The COVID-19 pandemic pushed the global real estate market towards record numbers trending towards recession, due to a confluence of extremely low interest rates, a severe shortage of homes for sale, and shifts in household spending. But with the gradual recovery from the effects of the pandemic and the emergence of new economic challenges, the world saw significant inflation in commodity and real estate prices, alongside an increase in debt and mortgage rates. In response, central banks around the world turned to quantitative tightening to contain runaway inflation and raise lending costs. This has led to higher mortgage financing costs, which have negatively impacted real estate markets around the world in different ways. Policymakers are now watching fluctuations in real estate markets very carefully, as real estate is a main source of household wealth and a major multiplier of economic activity in any country.
Recently, there has been widespread concern about a true crisis in the global real estate market. The main indicators pointing to that are:
1. Expectations of a housing shortage by 2030: A global real estate market crisis is looming, the signs of which have appeared in a number of countries amid global concerns about the negative impact of a housing crisis on the lives of millions of people. According to the World Bank, the housing crisis is expected to affect the lives of 1.6 billion people by 2025. The world will also need an additional 96,000 decent and affordable housing units every day to accommodate 3 billion people by 2030.
2. Rising housing costs in most countries: Data from the International Monetary Fund (IMF) shows that the cost of housing is rising faster than income in most of the world. In a study of 200 cities worldwide, it was found that 90% of those cities are not livable, as the average cost of residences is more than three times the average income. This imposes a huge financial burden on citizens, especially young people in the prime of their lives.
3. High rent prices in many countries: According to the Housing Anywhere International Rent Index by City, rising rent prices have become a main feature of many countries. In Europe, for example, rents increased for all types of housing by 14.5% in the first three months of 2022.
Meanwhile, Asia is now home to some of the most expensive and fastest-growing real estate markets in the world. Renters spend more than half of their income on housing, according to the Cost of Rent Index, which compares the average cost of a three-bedroom home in more than 50 countries. This is the crisis facing the United States, where around 11 million Americans spend more than half of their income on rent.
4. Concerns about worsening homelessness: The exorbitant rise in real estate prices, whether for ownership or rent, threatens to increase homelessness. An estimated 100 million people around the world do not have a home, a quarter of whom live in conditions harmful to their health and safety, according to the United Nations Human Settlements and Sustainable Urban Development Program (UN-Habitat). Amid rising housing costs and global inflation in the prices of goods and services, as well as declining economic growth, the burdens on those who do not own housing are increasing. This, in turn, exacerbates the phenomenon of homelessness, and threatens to leave millions of people without shelter in inhumane conditions.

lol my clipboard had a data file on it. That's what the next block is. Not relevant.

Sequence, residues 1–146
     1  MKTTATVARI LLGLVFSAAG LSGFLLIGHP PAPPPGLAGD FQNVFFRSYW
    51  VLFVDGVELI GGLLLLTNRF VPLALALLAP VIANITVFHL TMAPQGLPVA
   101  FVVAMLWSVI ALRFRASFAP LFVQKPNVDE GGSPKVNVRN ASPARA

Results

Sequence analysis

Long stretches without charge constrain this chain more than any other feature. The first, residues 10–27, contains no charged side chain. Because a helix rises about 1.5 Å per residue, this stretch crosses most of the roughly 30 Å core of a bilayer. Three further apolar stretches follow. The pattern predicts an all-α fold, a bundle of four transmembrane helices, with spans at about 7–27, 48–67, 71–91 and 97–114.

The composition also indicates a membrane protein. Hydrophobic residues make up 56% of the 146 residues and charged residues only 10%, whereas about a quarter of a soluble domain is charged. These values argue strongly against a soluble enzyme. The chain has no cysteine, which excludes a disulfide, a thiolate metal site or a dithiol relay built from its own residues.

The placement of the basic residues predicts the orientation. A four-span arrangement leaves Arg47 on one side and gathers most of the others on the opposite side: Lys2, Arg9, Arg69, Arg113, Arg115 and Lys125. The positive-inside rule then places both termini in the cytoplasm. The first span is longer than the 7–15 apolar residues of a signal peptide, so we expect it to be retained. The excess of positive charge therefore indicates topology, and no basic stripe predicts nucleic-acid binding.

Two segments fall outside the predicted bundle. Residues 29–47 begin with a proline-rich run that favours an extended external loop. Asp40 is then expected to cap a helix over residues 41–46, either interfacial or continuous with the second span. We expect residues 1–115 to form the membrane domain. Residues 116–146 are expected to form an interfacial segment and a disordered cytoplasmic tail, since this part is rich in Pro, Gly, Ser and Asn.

5. High mortgage costs: In light of the rising cost of home ownership and the continuous rise in interest rates, mortgage rates have spiked. The average 30-year mortgage interest rate was around 6.29% in the week ending on September 22, up 6.02% from the previous week, according to the US Federal Home Loan Mortgage Corporation (Freddie Mac). The rate is much higher than the rate during the corresponding period last year, when it was 2.88%, and is the highest rate since October 2008.
This raises concerns about a global recession, for which there is evidence. In the last week of September, after the mortgage rate increase, the S&P 500 index fell to its lowest level since November 2020. The Nasdaq 100 has also fallen by about 30% this year, wiping out trillions of dollars of market value. The rise in interest rates is driving investors to reevaluate many of their actions, especially since higher interest rates means reduced future profits for real estate companies, alongside inflation and the increasing value of the dollar.
Despite the global economy’s impact on the real estate market in various countries around the world, there are more detailed and specific causes that distinguish each country. These include an increase in mortgage rates, a rise or fall in demand for real estate, economic slowdown, the country’s demographic trajectory, local economic conditions, tax changes, crime rates, the quality of local services, etcetera. In the following, we review the most prominent and important factors, using some countries as models, in order to understand the disparate causes of the real estate crisis currently emerging:
1. Dwindling mortgage repayments by debt-ridden Chinese companies: Real estate companies in China have been hit by a major crisis, as the Chinese government tightens lending opportunities for the real estate sector in order to reduce debt risks. This comes following the accumulation of financial obligations on the Chinese Evergrande Group, which had an estimated $305 billion in debt it defaulted on in December 2021. For 11 months in a row, housing prices and sales have declined in China, amid weak consumer confidence in the real estate market. This has left real estate developers with a major dilemma: paying for construction.